Don't see BIG NIGHT on an empty stomach. Directed by the star of the movie, Stanley Tucci, BIG NIGHT is a sweet story about two Italian immigrant brothers whose attempt to serve old-world cuisine to spaghetti and meatball eaters in 1950s New Jersey. Brother Primo is the wonderfully talented chef. Like the artist he is, Primo cares only about the timing of the risotto and the delicate blend of flavors in his sauces and very little about finances. All Primo wants is to prepare great food for people who appreciate it. The younger brother, Secondo, wants Primo to cook dishes that are more familiar to Americans, similar to those served by the thriving Italian restaurant across the street. The owner of that restaurant, Secondo's mentor/competitor/tormentor Pascal, offers to invite the famous band leader Louis Prima to eat at the brothers' restaurant. The plan is to invest their last savings in the struggling restaurant by hosting a grand feast for Prima and his band. If the dinner goes well, word-of- mouth and a plug from the celebrity will put their food on the local culinary map. The focal point of this lavish dinner is a dish called Timpano.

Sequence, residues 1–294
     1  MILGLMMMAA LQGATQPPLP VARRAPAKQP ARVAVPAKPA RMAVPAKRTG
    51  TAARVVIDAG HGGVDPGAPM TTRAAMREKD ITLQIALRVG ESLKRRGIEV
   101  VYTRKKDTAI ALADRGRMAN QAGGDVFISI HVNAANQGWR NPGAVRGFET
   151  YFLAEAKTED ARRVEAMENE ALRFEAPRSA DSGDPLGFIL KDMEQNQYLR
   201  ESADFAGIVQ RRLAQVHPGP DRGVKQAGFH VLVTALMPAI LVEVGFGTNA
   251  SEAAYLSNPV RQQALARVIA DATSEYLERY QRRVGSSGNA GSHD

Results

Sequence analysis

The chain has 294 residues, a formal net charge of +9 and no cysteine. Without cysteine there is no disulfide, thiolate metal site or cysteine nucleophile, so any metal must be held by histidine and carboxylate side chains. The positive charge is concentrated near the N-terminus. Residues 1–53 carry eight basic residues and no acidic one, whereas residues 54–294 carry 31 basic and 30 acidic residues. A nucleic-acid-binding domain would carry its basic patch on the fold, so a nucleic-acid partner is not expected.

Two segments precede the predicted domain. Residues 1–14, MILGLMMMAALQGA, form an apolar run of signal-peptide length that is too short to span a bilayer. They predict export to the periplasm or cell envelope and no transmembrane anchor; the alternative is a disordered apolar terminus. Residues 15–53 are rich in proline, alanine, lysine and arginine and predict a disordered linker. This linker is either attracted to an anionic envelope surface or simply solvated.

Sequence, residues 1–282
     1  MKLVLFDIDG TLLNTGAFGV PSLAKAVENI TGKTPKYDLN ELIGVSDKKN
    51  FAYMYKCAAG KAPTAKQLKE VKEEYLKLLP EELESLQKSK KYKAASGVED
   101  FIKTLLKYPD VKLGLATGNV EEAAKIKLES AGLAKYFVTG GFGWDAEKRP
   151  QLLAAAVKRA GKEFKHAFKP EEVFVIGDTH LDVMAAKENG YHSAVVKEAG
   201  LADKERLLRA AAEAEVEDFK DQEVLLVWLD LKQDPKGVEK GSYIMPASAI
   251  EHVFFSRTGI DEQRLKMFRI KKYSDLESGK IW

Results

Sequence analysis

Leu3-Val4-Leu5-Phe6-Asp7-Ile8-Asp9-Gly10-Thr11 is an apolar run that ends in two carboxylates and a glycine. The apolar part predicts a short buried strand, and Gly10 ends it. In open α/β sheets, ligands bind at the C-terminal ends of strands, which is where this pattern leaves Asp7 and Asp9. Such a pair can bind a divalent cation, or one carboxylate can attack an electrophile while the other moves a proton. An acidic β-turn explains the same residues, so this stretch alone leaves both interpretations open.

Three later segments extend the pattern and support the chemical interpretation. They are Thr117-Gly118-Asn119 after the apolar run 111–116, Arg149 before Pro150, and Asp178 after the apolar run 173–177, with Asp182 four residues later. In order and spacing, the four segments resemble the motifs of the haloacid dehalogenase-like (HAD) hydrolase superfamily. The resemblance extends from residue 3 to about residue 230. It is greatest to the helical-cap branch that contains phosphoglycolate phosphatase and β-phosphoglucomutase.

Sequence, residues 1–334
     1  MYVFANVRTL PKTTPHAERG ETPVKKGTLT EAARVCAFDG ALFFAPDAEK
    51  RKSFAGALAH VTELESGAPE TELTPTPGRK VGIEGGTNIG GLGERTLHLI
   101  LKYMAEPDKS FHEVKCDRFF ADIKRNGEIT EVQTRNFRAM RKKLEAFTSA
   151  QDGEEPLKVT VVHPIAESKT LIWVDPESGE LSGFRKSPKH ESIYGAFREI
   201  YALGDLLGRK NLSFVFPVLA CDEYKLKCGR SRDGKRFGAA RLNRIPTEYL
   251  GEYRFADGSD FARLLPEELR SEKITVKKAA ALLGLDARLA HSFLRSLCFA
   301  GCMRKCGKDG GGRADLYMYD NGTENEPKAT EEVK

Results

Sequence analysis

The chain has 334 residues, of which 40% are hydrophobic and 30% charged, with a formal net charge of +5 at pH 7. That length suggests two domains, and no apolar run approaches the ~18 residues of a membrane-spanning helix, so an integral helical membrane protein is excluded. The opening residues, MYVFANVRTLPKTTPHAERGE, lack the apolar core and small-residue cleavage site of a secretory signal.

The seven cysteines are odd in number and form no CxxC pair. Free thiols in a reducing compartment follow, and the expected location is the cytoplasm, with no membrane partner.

The food in this film is gorgeous. Primo's cooking is believable and authentic. The love between the two brothers and their ideal of the American Dream is the real story behind the wonderful food scenes. It's a small pleasing movie, understated and personal. A must for any true foodie.

Dining in New York City

First of all, a great big thank you to those of you who sent me dining suggestions. I had pages and pages of restaurants to choose from, but only one week in New York. My very first meal was a beautiful cheese and fruit plate compliments of the Marriott Marquis for "inconveniencing" me with room keys that didn't work. My inconvenience only lasted a few minutes, but the fruit and cheese lasted all week in the mini refrigerator. It's also worth mentioning the Marriott has a very nice sushi bar.